Irish Traditional Music Archive Reading Room

Without too much of a focus other than the geographical area in question we slowly began our search. We began by searching the name of the county, the peninsula, the villages and the parishes, in both Irish and in English. We then began to search the names of musicians who we were aware of that had come from the area. We took books from shelves, and CDs from filing cabinets and were made very aware that we were welcome to do so. We kindly requested the librarian on duty (who happened quite often to be Alan Woods) to retrieve for us photographs, posters, VHS and other pieces which needed to be located in other parts of the building. 

Gradually, over time, a shape and a personal preference for the type of material we were looking for began to emerge. We decided that, in presenting to a large number of people from the local area, we wanted to show and play for them musicians and music that they may not have seen or heard for some time. While Corca Dhuibhne is home today to many fine musicians who are producing and releasing very beautiful and commendable collections of music, we felt that many people in attendance might have these albums in their homes and have a certain level of familiarity with them. 

We therefore wanted to travel back and find older musicians from past generations, who in many cases had passed away, and to reveal to people recordings and pieces of music which are a part of their musical heritage but which may not necessarily be in the mainstream today.
Seán Hughes

Tá ceoltóirí iontacha ag maireachtaint agus ag foilsiú a gcuid ceoil i gCorca Dhuibhne le blianta ach theastaigh uainn seana-cheoltóirí agus taifeadtaí nach raibh cloiste ag daoine le tamall a chur faoi bhráid an phobail. D'éistíomar le taifeadtaí páirce agus d'fhéachamar ar fhíseáin nár craoladh ar an dteilifís le fada an lá. Bhí sé go hiontach na daoine áitiúla a fheisint ag caint ar an tseana-shaol agus ar na cuimhní a bhi acu ar na ceoltóirí agus na háiteanna a bhí á dtaispeáint againn. Mar thoradh ar seo bhailíomar eolas breise i dtaobh daoine agus ceol na háite.

 

Small selection of Corca Dhuibhne CDs from the ITMA Collection / Sampla beag ón gnuasach ceoil a d'fhoilsigh ceoltóirí áitiúla Corca Dhuibhne. 

A small example of some of the many fine collections of music that have been released by musicians living and playing in Corca Dhuibhne, a fraction also of the music held at ITMA which relates to this area. 

We were intent on using field recordings if possible and we also wanted to use some materials which may have been incomplete in some detail of information such as dates, locations and names of musicians. Knowing the zeal and enthusiasm that the people of Corca Dhuibhne have for conversation, debate, and anecdote we felt that this might be a way to get the audience involved and engaged with the presentation. 

While we took photographs, ITMA staff scanned images and pages from books and manuscripts, converted older format audio files into MP3 and converted VHS into MP4. Clíodhna and I began the process of compiling our materials, selecting those pieces which stood out to us personally, and moulding these into some kind of a presentable narrative. While we drew our materials from the Archive at ITMA, it must be noted that we utilised materials which had been collected by An Coimisiún Béaloideas Éireann, RTÉ and RTÉ Raidió na Gaeltachta, organisations which have collections of huge importance themselves and which liaise with ITMA. We are grateful to An Coimisiún Béaloideas Éireann, RTÉ and RTÉ Raidió na Gaeltachta for permission to use these recordings in the presentation and this blog.

Our selections were compiled and the presentation was prepared. This was the result of a number of visits to the ITMA premises at Merrion Square and also of hours of work put in at home. With our efforts condensed into a PowerPoint file and stored on a memory stick we hopped into our car on a Thursday evening and set off on the long journey to the Dingle Peninsula, our first time to return since we had left in December.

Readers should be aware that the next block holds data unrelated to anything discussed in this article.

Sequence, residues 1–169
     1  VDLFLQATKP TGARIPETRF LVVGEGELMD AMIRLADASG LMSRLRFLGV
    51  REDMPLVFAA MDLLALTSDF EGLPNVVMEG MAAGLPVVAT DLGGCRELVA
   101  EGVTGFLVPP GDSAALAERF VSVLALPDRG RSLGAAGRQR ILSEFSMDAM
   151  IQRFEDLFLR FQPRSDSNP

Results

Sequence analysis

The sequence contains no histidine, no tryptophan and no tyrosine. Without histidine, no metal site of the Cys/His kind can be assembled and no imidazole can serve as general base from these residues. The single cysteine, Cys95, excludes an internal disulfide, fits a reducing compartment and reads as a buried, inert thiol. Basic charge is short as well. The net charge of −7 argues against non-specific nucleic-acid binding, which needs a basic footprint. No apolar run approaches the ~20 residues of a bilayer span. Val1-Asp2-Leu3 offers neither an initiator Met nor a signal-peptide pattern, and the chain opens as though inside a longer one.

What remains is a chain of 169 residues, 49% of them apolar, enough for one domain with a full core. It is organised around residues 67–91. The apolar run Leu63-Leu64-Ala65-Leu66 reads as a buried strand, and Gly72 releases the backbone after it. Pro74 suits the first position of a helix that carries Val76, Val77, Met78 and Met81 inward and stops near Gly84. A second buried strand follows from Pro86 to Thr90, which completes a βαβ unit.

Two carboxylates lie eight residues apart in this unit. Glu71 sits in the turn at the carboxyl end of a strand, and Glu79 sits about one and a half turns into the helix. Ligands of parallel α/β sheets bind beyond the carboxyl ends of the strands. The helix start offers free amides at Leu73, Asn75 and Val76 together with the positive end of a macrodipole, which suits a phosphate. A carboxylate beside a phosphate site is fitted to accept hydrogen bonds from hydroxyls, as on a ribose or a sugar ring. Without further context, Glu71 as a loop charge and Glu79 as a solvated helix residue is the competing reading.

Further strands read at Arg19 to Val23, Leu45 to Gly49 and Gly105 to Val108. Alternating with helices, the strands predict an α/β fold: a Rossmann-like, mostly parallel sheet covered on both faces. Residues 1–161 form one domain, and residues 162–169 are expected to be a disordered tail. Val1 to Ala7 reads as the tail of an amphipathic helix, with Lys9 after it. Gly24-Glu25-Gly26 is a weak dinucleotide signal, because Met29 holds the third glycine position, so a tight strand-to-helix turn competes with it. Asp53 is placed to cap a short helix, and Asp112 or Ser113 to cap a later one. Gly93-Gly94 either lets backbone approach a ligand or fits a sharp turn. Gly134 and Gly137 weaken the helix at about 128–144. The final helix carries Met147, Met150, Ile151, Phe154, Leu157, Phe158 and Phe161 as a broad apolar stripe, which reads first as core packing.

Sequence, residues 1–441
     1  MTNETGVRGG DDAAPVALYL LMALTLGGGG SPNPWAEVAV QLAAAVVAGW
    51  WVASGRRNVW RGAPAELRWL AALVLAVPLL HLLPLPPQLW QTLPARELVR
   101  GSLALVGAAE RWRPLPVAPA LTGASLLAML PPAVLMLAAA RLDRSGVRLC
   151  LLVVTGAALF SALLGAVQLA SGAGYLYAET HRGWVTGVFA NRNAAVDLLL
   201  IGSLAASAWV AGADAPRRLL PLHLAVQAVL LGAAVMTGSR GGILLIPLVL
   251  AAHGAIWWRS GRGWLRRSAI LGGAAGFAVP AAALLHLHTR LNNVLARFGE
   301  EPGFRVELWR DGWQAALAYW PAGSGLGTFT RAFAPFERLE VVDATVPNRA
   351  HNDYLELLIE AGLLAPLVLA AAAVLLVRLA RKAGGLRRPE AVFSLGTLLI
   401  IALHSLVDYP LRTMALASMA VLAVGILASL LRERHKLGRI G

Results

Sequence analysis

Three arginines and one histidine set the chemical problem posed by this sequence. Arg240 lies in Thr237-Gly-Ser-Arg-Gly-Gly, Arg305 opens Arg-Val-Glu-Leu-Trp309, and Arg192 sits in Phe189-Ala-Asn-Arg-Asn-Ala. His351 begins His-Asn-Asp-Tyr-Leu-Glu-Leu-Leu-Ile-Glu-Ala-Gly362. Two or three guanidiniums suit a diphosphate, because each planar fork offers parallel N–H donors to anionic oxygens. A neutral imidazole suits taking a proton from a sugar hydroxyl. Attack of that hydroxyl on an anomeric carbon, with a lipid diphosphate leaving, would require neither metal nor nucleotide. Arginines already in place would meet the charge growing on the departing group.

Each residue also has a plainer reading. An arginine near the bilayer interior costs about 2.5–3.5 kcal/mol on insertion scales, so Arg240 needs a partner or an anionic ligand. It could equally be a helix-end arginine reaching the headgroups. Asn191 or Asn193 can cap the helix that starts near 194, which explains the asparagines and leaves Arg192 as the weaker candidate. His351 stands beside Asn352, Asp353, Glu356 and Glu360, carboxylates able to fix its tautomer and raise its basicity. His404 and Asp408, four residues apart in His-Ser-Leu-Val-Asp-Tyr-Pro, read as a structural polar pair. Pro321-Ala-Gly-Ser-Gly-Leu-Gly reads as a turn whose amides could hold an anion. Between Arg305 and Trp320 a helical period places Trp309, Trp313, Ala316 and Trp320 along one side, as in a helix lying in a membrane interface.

The Scoil Cheoil an Earraigh festival, organised by Niamh Ní Bhaoill and Breanndán Ó Beaglaoich, was well underway when we arrived. We began our preparations on Friday afternoon at Áras Bhréanainn, the Community Centre in the village of Baile an Fheirtéaraigh, the focal point of the festival on the peninsula. As the hour approached the mumblings of a crowd began to make their way through the sheets of horizontal rain outside and the room began to fill up. Maeve Gebruers and Treasa Harkin, who work at ITMA, were in attendance and had set up an ITMA Pop-Up Archive at the venue. They were an invaluable source of support and assistance as we prepared for the presentation and then, with prayers that we would experience no malfunction of technology, we set about putting before our audience some of the gems we had uncovered.

I would like to include in this post a flavour of what we presented on that occasion and to give you an insight into the type of material which can be found at ITMA and that stood out to us personally as fiddle players and enthusiasts. Beidh blaise againn don gceol a d'aimsíomar sa taisce anois.

One of the most remarkable areas in Corca Dhuibhne is the Blasket Islands which I have mentioned briefly at an earlier point in this blog. We listened to numerous recordings of musicians from those islands and found their raw energy and rhythm to be compelling. One piece that we included in the presentation was this video recording of musicians Muiris 'Deálaí' Ó Dálaigh (accordion) and Seánin Mhicil Ó Súilleabháin (fiddle). The rhythm of musicians accustomed to playing for dancers is evident. The music is followed by an interesting snippet of conversation concerning the source of tunes for musicians living on the islands. This clip was originally broadcast in the 1980s and was then selected for airing on the popular television show ‘Come West Along the Road’ which was of course presented by former Director of ITMA Nicholas Carolan. 

Tá ana rithim agus spiorad sa cheol seo agus is léir go raibh seana-thaithí acu a bheith ag seimnt i dteannta a chéile agus a bheith ag seimnt do rinceoirí. Tá freagraí suimiúla ag na ceoltóirí ar na ceisteanna a bhí ag an láithreoir dhóibh maidir leis na poirt agus cad as a thánadar.

The blackbird / Muiris Ó Dálaigh, accordion; Seán Ó Súilleabháin, fiddle. With permission from RTÉ Archives